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Morgan Stanley hikes AAPL to $247, says investors are unnecessarily negative

Apple is an attractive company to invest in ahead of its upcoming earnings report, Morgan Stanley suggests, with low Wall Street estimates for September and negative investor sentiment for the iPhone maker's current state potentially making decent results for the next quarter seem better.




In the latest note to investors seen by AppleInsider, Morgan Stanley is being positive about Apple's shares, in part due to low current expectations for the company's performance in the September quarter. Analysts have four main reasons for their "positive bias into June quarter earnings," which has also prompted a raise in price target from $231 to $247 for the "Overweight"-rated stock.

The first main reason is "unusually negative" investor sentiment, with call volume for the quarter deemed to be low despite a 20% share bounce back from May's low.

The persistent undervaluing of Apple's Services has been a big red flag to Morgan Stanley in its reports. For example, following April's announcements of new services, the Street was seen to be skeptical on a lack of apparent detail from the plans, prompting them to leave revenue forecasts unchanged despite the increased number of Services items by the end of 2019.

Morgan Stanley believes the consensus estimates for the September quarter imply a low bar, as supply chain reports suggest the builds for September are higher than the firm's own forecast. Add in the consensus modeling of Apple's services growth deceleration on a background of App Store issues in China being eased, such as authorities granting gaming licenses following a one-year ban, and that makes the Street's dour outlook seem to be harsher than it could be.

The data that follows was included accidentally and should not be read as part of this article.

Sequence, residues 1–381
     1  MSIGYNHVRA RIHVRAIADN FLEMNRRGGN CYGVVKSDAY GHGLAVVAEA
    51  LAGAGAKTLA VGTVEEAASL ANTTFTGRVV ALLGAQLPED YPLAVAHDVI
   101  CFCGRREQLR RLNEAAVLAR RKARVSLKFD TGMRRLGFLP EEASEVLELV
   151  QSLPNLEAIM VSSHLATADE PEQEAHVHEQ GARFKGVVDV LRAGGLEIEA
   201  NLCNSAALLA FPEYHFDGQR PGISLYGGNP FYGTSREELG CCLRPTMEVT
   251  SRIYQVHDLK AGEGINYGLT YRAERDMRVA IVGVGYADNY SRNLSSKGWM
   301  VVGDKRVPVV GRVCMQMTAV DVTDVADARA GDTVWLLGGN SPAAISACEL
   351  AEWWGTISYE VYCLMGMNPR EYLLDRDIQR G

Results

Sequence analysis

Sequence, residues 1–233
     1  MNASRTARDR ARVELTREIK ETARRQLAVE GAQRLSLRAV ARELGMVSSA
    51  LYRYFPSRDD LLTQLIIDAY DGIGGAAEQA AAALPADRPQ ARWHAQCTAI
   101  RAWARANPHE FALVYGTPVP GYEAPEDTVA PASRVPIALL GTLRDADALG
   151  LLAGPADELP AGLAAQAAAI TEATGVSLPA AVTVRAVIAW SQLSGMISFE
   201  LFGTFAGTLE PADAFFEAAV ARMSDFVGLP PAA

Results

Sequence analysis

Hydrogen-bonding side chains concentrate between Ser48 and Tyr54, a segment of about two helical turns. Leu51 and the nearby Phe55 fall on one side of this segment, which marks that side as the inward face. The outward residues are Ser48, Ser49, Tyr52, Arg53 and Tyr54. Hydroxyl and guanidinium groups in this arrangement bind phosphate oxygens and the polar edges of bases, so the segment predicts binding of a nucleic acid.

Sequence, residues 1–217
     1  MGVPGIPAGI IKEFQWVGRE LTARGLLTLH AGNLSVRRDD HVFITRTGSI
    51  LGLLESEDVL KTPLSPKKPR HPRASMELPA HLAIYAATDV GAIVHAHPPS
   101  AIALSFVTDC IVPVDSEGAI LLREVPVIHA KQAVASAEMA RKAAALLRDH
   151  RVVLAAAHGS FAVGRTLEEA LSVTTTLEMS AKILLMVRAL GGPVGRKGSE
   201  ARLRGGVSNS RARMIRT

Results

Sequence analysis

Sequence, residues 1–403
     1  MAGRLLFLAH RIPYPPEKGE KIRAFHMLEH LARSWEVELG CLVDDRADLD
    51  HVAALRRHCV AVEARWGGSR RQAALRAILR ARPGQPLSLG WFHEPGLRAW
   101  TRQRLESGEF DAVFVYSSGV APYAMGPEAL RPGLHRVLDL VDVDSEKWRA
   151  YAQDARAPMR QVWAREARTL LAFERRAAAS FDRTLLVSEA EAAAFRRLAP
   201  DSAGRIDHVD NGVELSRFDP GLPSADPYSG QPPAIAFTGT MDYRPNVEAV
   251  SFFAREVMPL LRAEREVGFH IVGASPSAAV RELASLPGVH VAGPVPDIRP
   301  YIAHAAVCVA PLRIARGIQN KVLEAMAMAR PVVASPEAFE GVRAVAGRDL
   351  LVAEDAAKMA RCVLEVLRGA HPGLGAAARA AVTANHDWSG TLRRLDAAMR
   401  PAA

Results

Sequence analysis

June quarter iPhone data also held up in the company's own checks, such as with improvements in China from the March quarter and relatively consistent checks for domestic US sales. The firm's forecast is 37 million iPhone shipments in the June quarter, down 10% year-on-year, translating into $26.2 billion in iPhone revenue, down 11% from the same quarter last year.

Lastly, there is the firm's expectation the June quarter Services revenue will accelerate by 3 points for the first time since the March 2018 quarter. In theory, this is a "key catalyst" in regaining investor confidence in a Services narrative.

Morgan Stanley's model for Services puts revenue at $11.9 billion, up 16.7% year-on-year as reported. Combining the Chinese App Store restriction easing by the government, and the yet-to-launch Apple TV+, Apple Arcade, and Apple Card, these should improve the Services arm's finances even more towards the end of the year.

Previously, Morgan Stanley suggested the introduction of the new bundles could return Apple to a trillion-dollar valuation.

While Morgan Stanley has championed Services as a revenue generator for Apple, other firms are continuing to see iPhones as the main point of analysis for the shares. In one example, Rosenblatt Securities recently downgraded Apple to "sell" over the belief the iPhone sales will be disappointing for the second half of 2019, despite the potential promise of Services.

For the moment, Morgan Stanley's forecast for September revenue is $61.3 billion, down 3% year-on-year, with a gross margin of 37.7%. For the more immediate June quarter, the revenue forecast has been adjusted slightly up to $53.8 billion, up 1% year-on-year, with unchanged revenue and EPS.

Apple will announce its Q3 2019 earnings on July 30.